There are two ways to assess credibility. The first is, does a company do what it says? This one’s pretty straightforward to measure. You look at the promises a company makes, then look at their track record of follow-through and fulfillment. You can always underpromise and overdeliver, but do the opposite and you will erode the trust of your consumers.

The other is, does a company mean what it says? This one can be a little tricker, because as consumers we work with imperfect information. We’re not present in the boardroom, so we have to rely upon what the company wants to share with us regarding aims, ambitions- and ethics.

It’s important to distinguish how these two overlap, as well as how they don’t. Consider the following cartoon from The New Yorker.

NY1

Sometimes what a company says it will do isn’t in the consumer’s best interests. We’ll be diving more into that aspect of the game in our next piece, but today we just want to look at word and deed. The is, not the should.

What’s in a Phrase?

Let’s start with one of the more sardonic catchphrases in the community.

Fans of Blizzard’s stable of games will almost certainly be familiar with a meme whose origin likely predated 1994’s Warcraft: Orcs & Humans by at least a decade. Encapsulating the perfect intersection of sarcastic cynicism and weary resignation, “soon ™” is a common response to any question of timelines for new features, bug fixes, or anything else that isn’t right-this-very-minute.

SoonTM

While soon(tm) hasn’t taken hold in the War Robots community, thanks to Pixonic we do have a local equivalent:

SoonTM

“We hear you.” So how did a statement intended to be an encouraging affirmation become a much-derided mantra of perceived obliviousness? How did we arrive at a place where even the comments section on a simple Facebook charity plea becomes a lightning rod for invective and aggrievement?

In short, how did something like this happen:

SoonTM
Moscow, we have a problem…

To understand Pixonic’s current situation, we need only to go back to the start of this year. As we’ll see, Pixonic’s fall from grace didn’t simply happen overnight in a massive breach of trust, but rather was steadily eroded over the course of time.

Oh, you…

Before the implementation of the current matchmaker system, pairing in War Robots was hangar-based, with unofficial “tiers” of Bronze, Silver, and Gold being determined by the levels of your bots and weapons. Because gamers are- by their nature- min/maxers, it didn’t take long for many to find the lines and abuse them. Low-level Gepards with high-level Magnums became emblematic of the practice of “seal clubbing,” and the War Robots community was in distress (albeit a distress that seems positively quaint compared to the present).

To fix this, Pixonic elected to use the opportunity to implement a root-and-branch overhaul rather than fine-tune the pairing system. And in a piece posted at the end of January on their official site, Pixonic explained that there were three primary objectives guiding the change.

  • Transparency
  • Better balancing
  • Better rewards

It’s important to remember that comparatively speaking, these were still the Halcyon days of Pixo’s credibility. Statements like, “you may expect some wonky matches in the upcoming week or two, but it all should settle down once players spread across their respective skill tiers” were still (more or less) taken at face value.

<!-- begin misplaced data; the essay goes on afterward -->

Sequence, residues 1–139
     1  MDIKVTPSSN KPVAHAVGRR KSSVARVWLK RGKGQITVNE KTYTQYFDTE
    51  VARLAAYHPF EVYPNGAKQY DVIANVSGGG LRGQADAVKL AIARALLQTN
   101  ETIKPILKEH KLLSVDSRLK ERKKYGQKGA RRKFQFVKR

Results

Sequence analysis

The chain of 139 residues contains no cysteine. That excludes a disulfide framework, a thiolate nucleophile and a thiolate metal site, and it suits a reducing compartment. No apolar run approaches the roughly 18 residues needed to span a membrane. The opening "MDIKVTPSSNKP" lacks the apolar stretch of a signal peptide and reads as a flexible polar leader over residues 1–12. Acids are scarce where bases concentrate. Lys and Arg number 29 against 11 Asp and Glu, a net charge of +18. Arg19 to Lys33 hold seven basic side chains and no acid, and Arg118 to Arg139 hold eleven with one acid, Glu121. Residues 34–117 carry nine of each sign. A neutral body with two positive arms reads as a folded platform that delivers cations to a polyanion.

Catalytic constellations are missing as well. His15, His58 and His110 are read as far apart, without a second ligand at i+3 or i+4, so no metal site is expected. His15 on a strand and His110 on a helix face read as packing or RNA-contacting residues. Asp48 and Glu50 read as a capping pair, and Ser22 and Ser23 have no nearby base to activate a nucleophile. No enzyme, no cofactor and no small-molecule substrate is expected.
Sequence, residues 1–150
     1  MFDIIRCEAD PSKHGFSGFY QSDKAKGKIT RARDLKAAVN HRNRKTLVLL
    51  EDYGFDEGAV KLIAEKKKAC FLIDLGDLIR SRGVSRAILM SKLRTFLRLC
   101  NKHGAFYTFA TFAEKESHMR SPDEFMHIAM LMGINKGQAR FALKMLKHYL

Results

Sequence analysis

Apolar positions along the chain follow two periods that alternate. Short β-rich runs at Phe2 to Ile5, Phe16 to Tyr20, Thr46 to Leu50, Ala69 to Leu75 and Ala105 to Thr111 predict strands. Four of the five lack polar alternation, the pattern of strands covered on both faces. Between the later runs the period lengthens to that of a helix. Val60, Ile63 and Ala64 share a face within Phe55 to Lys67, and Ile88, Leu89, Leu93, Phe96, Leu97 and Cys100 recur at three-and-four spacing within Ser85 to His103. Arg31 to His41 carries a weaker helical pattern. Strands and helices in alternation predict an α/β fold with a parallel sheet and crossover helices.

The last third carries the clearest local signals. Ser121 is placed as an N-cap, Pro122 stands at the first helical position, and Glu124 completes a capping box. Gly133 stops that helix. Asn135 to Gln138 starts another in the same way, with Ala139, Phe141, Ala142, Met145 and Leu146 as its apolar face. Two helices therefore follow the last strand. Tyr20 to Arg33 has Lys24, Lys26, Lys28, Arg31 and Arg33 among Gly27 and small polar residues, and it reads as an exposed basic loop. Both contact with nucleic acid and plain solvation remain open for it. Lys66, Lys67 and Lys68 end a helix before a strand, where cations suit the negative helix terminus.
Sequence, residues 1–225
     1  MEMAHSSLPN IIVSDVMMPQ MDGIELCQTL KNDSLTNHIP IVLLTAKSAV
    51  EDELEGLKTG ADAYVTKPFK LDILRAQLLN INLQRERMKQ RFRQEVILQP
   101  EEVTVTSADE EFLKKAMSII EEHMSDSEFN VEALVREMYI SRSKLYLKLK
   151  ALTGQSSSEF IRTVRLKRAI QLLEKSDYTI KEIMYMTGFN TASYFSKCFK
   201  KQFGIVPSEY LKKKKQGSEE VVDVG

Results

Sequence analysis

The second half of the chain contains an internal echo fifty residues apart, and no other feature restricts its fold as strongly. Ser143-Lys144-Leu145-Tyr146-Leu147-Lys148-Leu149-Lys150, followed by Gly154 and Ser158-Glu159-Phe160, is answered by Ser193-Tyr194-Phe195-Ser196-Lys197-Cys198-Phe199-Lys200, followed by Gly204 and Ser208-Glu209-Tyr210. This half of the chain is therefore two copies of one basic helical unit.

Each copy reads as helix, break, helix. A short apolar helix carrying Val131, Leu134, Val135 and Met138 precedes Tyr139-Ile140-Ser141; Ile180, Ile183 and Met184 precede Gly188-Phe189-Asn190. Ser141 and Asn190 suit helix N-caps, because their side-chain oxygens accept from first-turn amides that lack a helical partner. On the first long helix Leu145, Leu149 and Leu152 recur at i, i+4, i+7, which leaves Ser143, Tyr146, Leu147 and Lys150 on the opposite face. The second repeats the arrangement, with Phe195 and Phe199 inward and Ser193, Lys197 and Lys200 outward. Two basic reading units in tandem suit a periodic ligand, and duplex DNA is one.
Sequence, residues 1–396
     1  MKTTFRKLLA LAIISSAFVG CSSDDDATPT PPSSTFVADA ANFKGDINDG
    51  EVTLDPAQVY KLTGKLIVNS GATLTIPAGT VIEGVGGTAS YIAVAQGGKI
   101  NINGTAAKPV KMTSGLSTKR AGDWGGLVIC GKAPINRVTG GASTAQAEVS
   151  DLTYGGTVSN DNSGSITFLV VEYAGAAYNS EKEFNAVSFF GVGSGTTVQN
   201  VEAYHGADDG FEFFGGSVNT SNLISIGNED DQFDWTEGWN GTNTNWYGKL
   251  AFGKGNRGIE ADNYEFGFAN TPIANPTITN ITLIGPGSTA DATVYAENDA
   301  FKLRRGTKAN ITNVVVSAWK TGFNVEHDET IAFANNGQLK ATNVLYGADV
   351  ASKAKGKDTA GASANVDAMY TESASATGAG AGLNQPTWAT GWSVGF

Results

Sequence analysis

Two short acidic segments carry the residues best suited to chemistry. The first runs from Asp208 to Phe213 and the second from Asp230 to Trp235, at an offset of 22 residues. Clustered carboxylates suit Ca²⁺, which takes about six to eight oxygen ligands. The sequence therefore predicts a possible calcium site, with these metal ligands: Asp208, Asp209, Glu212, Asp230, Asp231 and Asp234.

But one week became two. Two weeks became four, and still for many, the matchmaker was a complete mess. Despite promises of transparency, Pixonic could offer few assurances to calm the community. “Better balancing” was a complete canard, as horror stories of shambolic mismatches abounded on community outlets. And the rewards were a mere pittance, offering little incentive for players to upgear and upleague.

Cynicism began to proliferate. Perhaps this wasn’t a game enhancement after all, the mutterings went, but rather an attempt to force players into upgrade cycles rather than letting them play at the same level to their heart’s content.

In hindsight, a strong case could be made that this was perhaps less cynicism and more foresight, but Pixonic continued to enjoy the benefit of the doubt. By April, with little sign of resolution or abatement, Pixonic was in damage-control mode. They called for a community summit to give voice time to a number of the game’s more influential or prominent voices, and on 25 April the two-hour conference call (which I was part of) highlighted the near-unanimity of the community’s frustrations.

We heard you was the subtext of the next official article on the War Robots site, where Pixonic conceded the following points.

  1. The matchmaking system failed to deliver the desired transparency
  2. The new system robbed veterans of being able to effectively squad with newer players
  3. The rewards system was inadequate
  4. The league system introduced an element of “grindiness” where one did not before exist
  5. The metagame greatly narrowed in terms of build viability

In fairness, Pixonic didn’t promise fixes for everything in a matter of days. For instance, they hinted that a custom game mode was in the works and would be available in the Summer, which would address #2 above. And if it took a little longer (custom matches dropped in the Autumn), they’d try to keep us updated.

But it wasn’t enough. Many have pointed to the community roundtable as the moment when their faith that Pixonic had a genuine and sincere regard for the feelings of its players came to an end. Much was discussed, the observation went, but little was done. Not every promise would be easy to fulfill, but how hard would it be to simply double league rewards as an interim measure of good faith?

Pixonic had noted that if it went well, there might be more community roundtables forthcoming.

SoonTM.png
Narrator: There weren’t